Chinese servicemen to present well-disciplined, professional image in Russian V-Day parade

Updated: 2015-05-08 15:39


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Chinese servicemen to present well-disciplined, professional image in Russian V-Day parade

Chinese servicemen march during a rehearsal for the Victory Day parade in Red Square in Moscow, Russian May 7, 2015. [Photo/Xinhua]

MOSCOW - Bearing in mind the honor and responsibility of Chinese servicemen representing their motherland in a foreign country, the Chinese guards of honor would showcase to the world their image of a well-disciplined and professional army and their resolve to safeguard stability and world peace.

As part of Russia's grand celebrations of the 70th anniversary of the victory of the Great Patriotic War, Russia's term for World War II (WWII), the Chinese servicemen were invited for the first time to take part in the upcoming May 9 Victory Day parade at Moscow's Red Square with the other nine countries' soldiers.

The participation in the parade is a chance to show the world the strength, spirit and determination of the Chinese army to safeguard peace, according to Senior Colonel Li Bentao, head of the honor guards.

Zhang Hongjie, the standard-bearer who would walk at the front of the Chinese array, told Xinhua that he is proud to escort the Chinese national flag with his companions and show the world China's confidence.

"The five-star red flag means glory to all Chinese and the sense of mission to Chinese soldiers in particular. It is a very important assignment for me to bear the flag," Zhang said.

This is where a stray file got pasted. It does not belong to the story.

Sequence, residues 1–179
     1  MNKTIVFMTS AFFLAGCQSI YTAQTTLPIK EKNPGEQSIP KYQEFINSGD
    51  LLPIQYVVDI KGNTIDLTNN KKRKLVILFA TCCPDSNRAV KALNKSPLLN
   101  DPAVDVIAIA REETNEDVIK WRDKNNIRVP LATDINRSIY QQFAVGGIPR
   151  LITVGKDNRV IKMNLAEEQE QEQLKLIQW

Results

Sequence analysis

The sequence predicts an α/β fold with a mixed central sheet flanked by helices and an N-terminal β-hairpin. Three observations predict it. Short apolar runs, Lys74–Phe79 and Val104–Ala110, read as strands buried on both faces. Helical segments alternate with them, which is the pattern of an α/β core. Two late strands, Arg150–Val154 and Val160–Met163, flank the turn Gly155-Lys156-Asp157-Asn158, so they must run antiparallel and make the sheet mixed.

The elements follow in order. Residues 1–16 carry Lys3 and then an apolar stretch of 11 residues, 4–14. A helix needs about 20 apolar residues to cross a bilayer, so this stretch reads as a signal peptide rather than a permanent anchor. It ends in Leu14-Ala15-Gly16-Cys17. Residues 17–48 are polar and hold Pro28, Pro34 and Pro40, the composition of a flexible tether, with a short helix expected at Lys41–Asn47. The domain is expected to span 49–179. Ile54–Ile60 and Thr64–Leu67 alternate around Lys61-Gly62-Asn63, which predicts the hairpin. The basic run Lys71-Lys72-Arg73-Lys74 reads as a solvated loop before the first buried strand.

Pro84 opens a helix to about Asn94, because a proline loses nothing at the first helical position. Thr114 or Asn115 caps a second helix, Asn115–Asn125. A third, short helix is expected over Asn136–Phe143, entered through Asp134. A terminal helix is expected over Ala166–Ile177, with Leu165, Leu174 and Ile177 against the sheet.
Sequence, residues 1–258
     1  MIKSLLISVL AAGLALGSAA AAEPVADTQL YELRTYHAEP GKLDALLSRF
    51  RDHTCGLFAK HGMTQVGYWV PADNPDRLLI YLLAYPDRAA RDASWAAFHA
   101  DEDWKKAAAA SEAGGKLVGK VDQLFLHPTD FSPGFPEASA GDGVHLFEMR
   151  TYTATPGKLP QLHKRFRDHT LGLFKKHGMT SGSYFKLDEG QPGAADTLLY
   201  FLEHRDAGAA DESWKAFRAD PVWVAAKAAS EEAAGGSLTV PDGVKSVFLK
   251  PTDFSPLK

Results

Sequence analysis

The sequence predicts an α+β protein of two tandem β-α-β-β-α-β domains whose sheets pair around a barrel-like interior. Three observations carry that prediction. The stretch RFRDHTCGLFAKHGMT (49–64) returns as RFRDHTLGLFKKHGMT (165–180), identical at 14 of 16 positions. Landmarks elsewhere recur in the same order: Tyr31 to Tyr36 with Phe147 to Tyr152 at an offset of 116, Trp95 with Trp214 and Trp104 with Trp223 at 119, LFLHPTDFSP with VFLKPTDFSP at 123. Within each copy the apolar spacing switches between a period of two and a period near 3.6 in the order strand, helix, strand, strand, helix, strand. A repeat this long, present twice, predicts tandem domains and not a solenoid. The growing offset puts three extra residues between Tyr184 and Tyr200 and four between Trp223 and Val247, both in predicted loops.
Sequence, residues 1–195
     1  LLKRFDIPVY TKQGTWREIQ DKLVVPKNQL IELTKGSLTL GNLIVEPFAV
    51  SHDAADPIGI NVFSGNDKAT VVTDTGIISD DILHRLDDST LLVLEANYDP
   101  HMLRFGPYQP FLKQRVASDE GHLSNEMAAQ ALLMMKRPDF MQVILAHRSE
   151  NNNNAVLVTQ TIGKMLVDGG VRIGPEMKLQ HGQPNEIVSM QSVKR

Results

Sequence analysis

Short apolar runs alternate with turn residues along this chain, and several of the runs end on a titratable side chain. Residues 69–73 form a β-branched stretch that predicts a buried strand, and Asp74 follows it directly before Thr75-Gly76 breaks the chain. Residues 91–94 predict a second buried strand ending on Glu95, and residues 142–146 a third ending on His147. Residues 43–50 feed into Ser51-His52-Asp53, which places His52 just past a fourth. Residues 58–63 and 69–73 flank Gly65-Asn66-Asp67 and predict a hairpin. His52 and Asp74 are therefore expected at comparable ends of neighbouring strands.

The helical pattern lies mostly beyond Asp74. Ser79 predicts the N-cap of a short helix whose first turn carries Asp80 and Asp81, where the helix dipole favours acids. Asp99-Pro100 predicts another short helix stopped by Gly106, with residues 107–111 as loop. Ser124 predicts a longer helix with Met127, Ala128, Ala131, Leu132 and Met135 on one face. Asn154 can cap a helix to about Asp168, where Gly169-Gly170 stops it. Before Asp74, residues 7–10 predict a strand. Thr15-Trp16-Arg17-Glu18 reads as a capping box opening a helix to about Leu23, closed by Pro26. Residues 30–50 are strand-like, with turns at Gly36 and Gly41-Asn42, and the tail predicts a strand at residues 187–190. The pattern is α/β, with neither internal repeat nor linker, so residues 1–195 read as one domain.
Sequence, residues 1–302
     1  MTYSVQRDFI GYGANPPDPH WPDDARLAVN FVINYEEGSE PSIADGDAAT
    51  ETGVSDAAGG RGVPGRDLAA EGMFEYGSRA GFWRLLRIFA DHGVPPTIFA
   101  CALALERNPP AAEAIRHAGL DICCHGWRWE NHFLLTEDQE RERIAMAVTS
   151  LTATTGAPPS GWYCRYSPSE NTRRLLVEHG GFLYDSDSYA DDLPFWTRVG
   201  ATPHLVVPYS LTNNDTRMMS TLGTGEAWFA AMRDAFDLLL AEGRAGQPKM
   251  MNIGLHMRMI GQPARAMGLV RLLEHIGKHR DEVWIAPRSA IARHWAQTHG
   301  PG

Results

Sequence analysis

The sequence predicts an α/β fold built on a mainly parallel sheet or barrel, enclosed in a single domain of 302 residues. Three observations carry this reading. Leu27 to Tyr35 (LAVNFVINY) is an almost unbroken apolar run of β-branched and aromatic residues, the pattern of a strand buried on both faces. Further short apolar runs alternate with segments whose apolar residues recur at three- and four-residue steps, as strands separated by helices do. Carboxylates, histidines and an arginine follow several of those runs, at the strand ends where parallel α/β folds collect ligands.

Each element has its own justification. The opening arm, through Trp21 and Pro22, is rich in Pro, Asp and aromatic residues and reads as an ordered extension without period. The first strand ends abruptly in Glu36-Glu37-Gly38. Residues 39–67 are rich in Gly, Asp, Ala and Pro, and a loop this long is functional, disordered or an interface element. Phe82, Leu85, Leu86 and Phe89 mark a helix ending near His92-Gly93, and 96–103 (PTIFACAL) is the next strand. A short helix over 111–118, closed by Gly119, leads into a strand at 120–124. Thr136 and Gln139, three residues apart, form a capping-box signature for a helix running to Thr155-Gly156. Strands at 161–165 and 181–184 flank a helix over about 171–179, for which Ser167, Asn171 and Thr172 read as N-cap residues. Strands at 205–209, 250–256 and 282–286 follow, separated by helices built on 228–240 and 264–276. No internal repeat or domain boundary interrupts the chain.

During previous rehearsals, the audience gave thunderous cheers and applause when Chinese soldiers strode forward in strict formation with a valiant posture and synchronized steps.

The distinctive features of the Chinese servicemen also drew attention as they entered the exhibition hall of the Central Armed Forces Museum for medal-award ceremony on Wednesday. Altogether 112 Chinese servicemen were awarded medals on that day by the Russian Defense Ministry to commemorate their participation in the parade.

According to an official of the museum who gave his last name as Kozhin, compared with the performances of other countries' servicemen, the Chinese honor guards, even if in daily life, left the most outstanding impression to him.

In order to present the best of Chinese servicemen, the Chinese array has already trained for almost half a year.

"We had strict training requirements and made lots of preparations to show the world the quality and spirit of the Chinese military forces," said Major General Xu Hongsheng, leader of the selection of the Chinese guards of honor.

Li added that special adjustment of the marching speed was made during the field training in the Red Square. The final array formation of 12 rows of soldiers, respectively representing the army, the navy and the air force, led by a standard bearer and five escorts was also made in accordance with the site conditions of the Red Square.

The participation of Chinese servicemen would reinforce the friendly relationship of the two countries' armies, and lead to more military exchanges with Russia as well as other countries, Xu said.

"The Friendship between Russia and China has a long history. A cordial welcome is all we Russians would like to give to Chinese President Xi Jinping, and we are greatly honored by his presence at the Victory Day parade," Kozhin said.

On May 9, 102 Chinese servicemen would proudly show up with their best conditions and high spirits, marching against the musical background of "Katyusha," a popular Russian wartime song that nowadays still enjoyed the same fame in China.

Li said the song represents the two countries' respect for and commemoration of the soldiers who sacrificed their lives for world peace during the WWII.

"What I feel (about Russia's May 9 Victory Day parade) is that peace is the best gift to the world," said Lang Xujie, one of the Chinese guards of honor.